In last night’s ASUA Senate report, my colleague brought up the implicit trade-offs in the Rec Center’s new “more than a weight room” model. But there’s another drawback to the continued creep of Tyrannosaurus Rec: further complication of once-simple student fees.
First, a review. The $306 Health\Rec fee is a textbook case of logrolling. On its own, a popular but ridiculous luxury like the Rec Center would have a tough time selling further expansion without weathering some criticism. Campus Health faces the same problem in reverse. It’s hard to attack expanded healthcare for students (as Campus Rec interim director Mark Zakrzewski put it in his presentation to the ASUA Senate last night, “what’s more valuable than your health?”), but the program doesn’t carry the same populist cachet as throwing open the doors to a gleaming new gym. By rolling both programs into a “health and wellness fee,” each one gets the money it wants without facing the scrutiny it fears.
Now, the new stuff. Like just-cloned dinos grokking doorknob mechanics, the philosoraptors at Campus Rec have come up with a new way to funnel fees where they don’t belong. As they explained at last night’s meeting:
“Our program by almost every metric is completely different than what it was last year at this time,” Zakrzewski said. “It’s much more than just a weight room.”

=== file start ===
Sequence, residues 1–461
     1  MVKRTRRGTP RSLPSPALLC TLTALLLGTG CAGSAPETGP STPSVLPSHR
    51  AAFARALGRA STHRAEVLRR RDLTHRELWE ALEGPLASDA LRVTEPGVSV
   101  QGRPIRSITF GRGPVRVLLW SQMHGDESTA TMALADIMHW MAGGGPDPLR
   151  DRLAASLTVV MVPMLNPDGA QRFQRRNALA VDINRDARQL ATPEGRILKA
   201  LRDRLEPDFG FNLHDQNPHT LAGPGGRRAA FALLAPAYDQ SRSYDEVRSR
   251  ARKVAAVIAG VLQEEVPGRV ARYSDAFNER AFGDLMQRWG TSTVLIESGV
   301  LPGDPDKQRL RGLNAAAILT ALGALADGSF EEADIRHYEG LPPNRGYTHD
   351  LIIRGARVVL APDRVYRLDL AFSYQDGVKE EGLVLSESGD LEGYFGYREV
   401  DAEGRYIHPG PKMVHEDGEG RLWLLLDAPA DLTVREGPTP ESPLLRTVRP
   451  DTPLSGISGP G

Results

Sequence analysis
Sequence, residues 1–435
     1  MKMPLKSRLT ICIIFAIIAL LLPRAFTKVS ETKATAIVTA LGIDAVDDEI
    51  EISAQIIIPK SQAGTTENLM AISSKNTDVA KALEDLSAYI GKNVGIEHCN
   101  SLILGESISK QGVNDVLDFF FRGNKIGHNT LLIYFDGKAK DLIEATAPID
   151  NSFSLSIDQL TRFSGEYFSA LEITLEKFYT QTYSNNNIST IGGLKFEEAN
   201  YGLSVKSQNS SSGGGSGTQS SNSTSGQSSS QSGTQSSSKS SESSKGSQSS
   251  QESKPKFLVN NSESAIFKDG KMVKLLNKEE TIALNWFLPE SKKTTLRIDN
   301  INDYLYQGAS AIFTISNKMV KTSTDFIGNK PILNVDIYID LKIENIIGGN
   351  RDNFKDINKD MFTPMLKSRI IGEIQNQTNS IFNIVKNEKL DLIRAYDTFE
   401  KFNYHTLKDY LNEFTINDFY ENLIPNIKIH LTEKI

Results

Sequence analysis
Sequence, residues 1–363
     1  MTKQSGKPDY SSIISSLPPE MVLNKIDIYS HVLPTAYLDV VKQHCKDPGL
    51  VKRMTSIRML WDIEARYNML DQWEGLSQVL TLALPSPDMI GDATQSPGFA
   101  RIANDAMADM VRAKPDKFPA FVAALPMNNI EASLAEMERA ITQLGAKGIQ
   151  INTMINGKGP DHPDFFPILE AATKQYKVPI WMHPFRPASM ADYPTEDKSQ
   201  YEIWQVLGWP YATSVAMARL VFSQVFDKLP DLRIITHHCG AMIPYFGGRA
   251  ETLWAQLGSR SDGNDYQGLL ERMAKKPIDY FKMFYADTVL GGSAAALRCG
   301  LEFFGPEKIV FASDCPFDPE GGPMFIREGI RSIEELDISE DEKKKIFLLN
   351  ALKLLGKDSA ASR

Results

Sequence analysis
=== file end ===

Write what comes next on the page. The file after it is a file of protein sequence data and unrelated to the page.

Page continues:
Offering numerous non-fitness related programs is a philosophical change for the recreation center, he said.
“We want to make the Rec a destination to study, hang out with their friends, get a healthy snack and obviously use the facilities,” he said.
To that end, the Rec Center now includes a tutoring center, a computer lab, a restaurant, an instructional kitchen, and a gift shop. Expanding the definition of “recreation” (sitting in the tutoring center! sitting in front of a computer! sitting at the electrolyte bar! sitting in the test kitchen! buying fresh spandex!), is a sort of ex-post facto logrolling (call it sawmilling), bringing programs like the Bookstore and the Student Union to the fee trough far after the fact. Clever girl.
Of course, the snack bar and gift shop probably don’t directly receive money from the Health\Rec fee. That’s what makes them especially dangerous. As Zakrzewski makes clear, both services “were introduced to keep current fees flat and help generate revenue for the center.” By their very location in the Rec, they benefit from the student fees that made their new digs possible. Those fees allowed UA to build a Rec Center well outside our means. Now we need to peddle chicken wraps and branded water bottles to keep running it. And by the time the next fee increase rolls around, neither function will seem so strange.
Follow fees long enough, and it’s easy to fall into a sort of conspiratorial thinking. Surely there must be a cabal of administrators locked in the Student Affairs conference room, brainstorming clever new ways to fleece the peasants! But as satisfying as it is to point a finger, there’s no one administrator or office to blame. Megafauna like our Rec center evolve slowly, expanding by quiet, incremental steps to fill new niches in the campus ecosystem. When times are good, they eat up all the funding they can find and grow huge. But when the climate changes, they become very vulnerable—and need more fees to keep from going extinct.